13 A. Hochschild The Second Shift (Viking 1989) Hochschild investigates how families today, with two earners, deal with housework. The “1 st shift” is 9:00AM to 5:00PM The “2 nd shift” is the housework, 5:00PM to 11:00, when both partners get home tired. The 2 nd shift is also the crucial family maintenance work (PTA, talking to Billy’s parents, scouts.)

14 Hochschild’s methodology Intensive surveys and minute to minute participant observation of 2-earner families. 1.Interview each spouse separately. 2.Interview them together. 3.Observe them for at least a day. 4.Joint interview to discuss results. The methodology drastically lowers the N to a few dozen cases.

15 Hochschild’s 4 Family types: Agreed division of labor Disagreement and conflict Egalitarian SS SS 50-50ModernDysfunctional Male-dominant SS “women’s Work”TraditionalAmbivalent My terms, not Hochschschild’s

16 Traditional Families Both husband and wife said that the second shift was women’s work When observed, the wife did all the cooking, cleaning and childcare. Traditional families are not complex. There were few of them, mainly immigrant. Even if all Breadwinner/homemaker families are traditional, they are still a small minority. If she has a full-time job at home, she is not going to be able to have much of a law career.

17 Modern families Both husband and wife said that the second shift should be shared When observed, it was. Modern families are also not complex. There were even fewer of them.

18 The effectiveness of modern and traditional families In the case of both modern and traditional families, there was relatively good agreement between what people said and what they did. Both kinds worked well; neither worked outstandingly better than the other. Many of the families were neither, –and lacked agreement between what people said and what they did –And did not work well.

19 Ambivalent Families Both husband and wife said that the second shift should be shared When observed, the wife did the overwhelming majority of the 2 nd shift. –E.g. she cleans the house; he cleans the garage. –(the house needs to be cleaned every day, the garage needs it once a month) –She does the cooking; he clears the table –Cooking takes an hour; clearing 2 minutes. Why aren’t they just traditional?

20 Dysfunctional Families A very common pattern was that the husband and wife said different things; arrangements were unclear. When observed, no-one did the second shift. –Some family maintenance is optional –Some essential maintenance looks optional –But the result is a dysfunctional pattern, in which essential tasks did not get done.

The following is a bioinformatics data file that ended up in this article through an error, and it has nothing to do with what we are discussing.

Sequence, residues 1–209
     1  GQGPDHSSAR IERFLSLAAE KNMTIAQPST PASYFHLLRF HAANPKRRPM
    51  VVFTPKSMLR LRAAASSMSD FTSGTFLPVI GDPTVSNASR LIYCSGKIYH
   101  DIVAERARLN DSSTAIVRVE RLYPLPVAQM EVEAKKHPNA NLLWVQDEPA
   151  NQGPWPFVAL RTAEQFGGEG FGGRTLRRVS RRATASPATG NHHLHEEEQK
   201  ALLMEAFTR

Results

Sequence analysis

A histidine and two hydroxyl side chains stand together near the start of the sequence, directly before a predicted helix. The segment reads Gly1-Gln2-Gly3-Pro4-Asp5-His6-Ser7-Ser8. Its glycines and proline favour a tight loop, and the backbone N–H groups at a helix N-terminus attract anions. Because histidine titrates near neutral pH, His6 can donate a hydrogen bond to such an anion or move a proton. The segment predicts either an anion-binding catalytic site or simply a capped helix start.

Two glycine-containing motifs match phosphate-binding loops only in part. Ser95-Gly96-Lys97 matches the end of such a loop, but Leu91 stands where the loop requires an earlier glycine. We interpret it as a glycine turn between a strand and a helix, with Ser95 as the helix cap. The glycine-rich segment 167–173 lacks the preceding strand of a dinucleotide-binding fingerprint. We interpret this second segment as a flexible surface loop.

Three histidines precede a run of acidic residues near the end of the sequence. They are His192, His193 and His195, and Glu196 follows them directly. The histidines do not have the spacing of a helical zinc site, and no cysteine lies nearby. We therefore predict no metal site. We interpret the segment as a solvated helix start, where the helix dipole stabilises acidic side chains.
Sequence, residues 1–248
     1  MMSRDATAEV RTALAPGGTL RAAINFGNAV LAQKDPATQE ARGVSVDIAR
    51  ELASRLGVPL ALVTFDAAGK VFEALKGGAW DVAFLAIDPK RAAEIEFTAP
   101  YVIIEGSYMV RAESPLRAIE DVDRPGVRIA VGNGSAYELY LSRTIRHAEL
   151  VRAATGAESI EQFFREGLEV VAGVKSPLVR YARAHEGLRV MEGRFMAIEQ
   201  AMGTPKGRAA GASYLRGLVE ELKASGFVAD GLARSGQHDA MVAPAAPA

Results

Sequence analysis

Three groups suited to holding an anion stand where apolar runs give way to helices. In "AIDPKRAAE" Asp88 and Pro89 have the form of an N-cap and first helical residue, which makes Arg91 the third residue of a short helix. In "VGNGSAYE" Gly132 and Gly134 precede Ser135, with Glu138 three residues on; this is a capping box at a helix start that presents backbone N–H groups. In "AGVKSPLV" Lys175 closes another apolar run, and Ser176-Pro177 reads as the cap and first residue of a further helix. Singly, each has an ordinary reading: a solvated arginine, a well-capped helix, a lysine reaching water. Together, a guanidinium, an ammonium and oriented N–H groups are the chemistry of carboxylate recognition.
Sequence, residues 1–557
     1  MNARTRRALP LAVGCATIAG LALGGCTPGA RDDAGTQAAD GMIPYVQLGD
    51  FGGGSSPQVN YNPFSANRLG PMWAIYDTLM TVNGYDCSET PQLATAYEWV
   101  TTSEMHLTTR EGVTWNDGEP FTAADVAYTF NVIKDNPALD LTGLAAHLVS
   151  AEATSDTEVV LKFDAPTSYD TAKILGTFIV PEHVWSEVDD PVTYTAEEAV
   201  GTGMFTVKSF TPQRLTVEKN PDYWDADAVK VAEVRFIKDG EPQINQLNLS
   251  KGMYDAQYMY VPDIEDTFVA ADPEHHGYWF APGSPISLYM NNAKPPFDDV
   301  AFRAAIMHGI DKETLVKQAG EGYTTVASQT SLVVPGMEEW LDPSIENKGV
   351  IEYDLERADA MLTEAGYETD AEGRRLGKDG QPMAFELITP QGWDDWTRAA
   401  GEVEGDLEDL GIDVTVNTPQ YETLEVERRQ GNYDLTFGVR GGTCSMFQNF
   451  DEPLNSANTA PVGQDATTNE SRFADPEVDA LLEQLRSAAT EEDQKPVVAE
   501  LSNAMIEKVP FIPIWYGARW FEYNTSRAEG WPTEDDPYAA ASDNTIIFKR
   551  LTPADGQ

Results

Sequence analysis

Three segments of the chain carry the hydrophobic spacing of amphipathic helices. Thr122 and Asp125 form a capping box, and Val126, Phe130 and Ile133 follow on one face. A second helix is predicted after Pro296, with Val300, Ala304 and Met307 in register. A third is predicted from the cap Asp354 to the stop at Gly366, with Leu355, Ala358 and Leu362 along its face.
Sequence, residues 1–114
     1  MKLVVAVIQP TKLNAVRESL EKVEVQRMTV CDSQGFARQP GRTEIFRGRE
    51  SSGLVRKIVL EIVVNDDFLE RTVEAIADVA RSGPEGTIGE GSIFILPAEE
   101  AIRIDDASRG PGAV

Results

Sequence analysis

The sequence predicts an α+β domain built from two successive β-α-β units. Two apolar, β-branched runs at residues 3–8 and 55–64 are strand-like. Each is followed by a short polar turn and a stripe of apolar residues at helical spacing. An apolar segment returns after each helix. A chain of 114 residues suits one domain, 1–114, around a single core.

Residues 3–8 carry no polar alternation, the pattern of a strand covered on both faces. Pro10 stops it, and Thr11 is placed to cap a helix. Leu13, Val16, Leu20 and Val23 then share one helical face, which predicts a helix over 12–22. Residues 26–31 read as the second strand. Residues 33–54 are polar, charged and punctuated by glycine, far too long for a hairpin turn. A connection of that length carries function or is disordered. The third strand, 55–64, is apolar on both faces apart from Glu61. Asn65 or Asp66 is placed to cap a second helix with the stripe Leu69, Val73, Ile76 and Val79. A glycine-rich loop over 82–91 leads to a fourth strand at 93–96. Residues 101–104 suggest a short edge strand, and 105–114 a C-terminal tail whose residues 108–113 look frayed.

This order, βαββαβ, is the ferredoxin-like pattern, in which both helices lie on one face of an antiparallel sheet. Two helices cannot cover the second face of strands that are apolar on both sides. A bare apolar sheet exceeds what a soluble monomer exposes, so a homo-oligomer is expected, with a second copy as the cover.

21 The Ineffectiveness of Dysfunctional Families In a situation of turbulence, change and conflict it is often true that if you volunteer, then the job is yours forever. There is no longer someone whose “full time” job is family maintenance. A lot of maintenance does not get done. This can be disastrous in the long run.

22 Hochschild shows that much family stress and breakdown stems from: Family roles and norms have not changed as much as the economy. There are very high pressures for labor force participation, in the U.S. but a relative absence of formal or informal supports, Producing ambivalence and double-binds

23 Which guys share the 2 nd shift Hochschild found some interesting results with regard to two prevalent theories: 1. The theory that people are conditioned into gender attitudes early, and so men from more traditional families would not share the 2 nd. 2. The theory that it is a matter of power and reward in the society: that it depends on whose income is essential to the family. The data is not decisive because of small N.

24 1. Childhood socialization People are conditioned into gender attitudes early, and so the theory men from more liberal families would share the 2 nd shift is plausible. But it is wrong. Hochschild found the opposite. In a situation of turbulence and conflict, change often comes about by a conscious decision.

25 Importance of the Income Power and rewards have pervasive effects And so the theory that it would depend on whose income is essential to the family is plausible. But it is wrong. Hochschild found the opposite. She suggested that men found “women’s work” not just “different” but “degrading” and they would do it only if they were confident of their own standing and esteem.